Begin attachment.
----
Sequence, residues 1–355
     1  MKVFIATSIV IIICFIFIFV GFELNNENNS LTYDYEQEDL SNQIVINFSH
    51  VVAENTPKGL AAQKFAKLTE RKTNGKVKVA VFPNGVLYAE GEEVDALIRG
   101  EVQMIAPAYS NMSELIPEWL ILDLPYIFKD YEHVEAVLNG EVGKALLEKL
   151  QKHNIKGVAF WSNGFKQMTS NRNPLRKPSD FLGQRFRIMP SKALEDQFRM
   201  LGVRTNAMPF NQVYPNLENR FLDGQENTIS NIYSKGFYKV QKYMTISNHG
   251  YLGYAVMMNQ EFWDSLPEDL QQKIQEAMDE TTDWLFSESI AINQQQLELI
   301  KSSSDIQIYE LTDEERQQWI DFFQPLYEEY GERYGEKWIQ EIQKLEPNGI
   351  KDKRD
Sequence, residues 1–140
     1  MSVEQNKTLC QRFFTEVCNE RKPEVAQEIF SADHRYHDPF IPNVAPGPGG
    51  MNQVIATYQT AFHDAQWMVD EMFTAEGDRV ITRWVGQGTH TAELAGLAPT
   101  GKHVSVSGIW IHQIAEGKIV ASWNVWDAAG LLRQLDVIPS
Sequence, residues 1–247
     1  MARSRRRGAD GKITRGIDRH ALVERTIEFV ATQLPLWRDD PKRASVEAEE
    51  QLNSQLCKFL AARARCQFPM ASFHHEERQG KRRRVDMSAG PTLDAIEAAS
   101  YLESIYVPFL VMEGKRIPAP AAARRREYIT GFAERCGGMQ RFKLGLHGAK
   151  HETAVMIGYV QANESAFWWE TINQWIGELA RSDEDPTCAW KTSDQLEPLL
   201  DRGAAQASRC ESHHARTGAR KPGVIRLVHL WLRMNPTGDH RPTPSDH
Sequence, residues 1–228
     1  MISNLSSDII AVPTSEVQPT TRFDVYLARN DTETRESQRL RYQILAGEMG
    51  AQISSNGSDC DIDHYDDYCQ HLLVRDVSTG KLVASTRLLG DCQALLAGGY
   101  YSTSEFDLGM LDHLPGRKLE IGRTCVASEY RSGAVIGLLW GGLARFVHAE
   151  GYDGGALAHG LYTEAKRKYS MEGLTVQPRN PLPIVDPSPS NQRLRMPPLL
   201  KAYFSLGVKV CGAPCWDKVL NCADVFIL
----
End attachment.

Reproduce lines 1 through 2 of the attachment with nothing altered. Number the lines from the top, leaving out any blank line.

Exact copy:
Sequence, residues 1–355
     1  MKVFIATSIV IIICFIFIFV GFELNNENNS LTYDYEQEDL SNQIVINFSH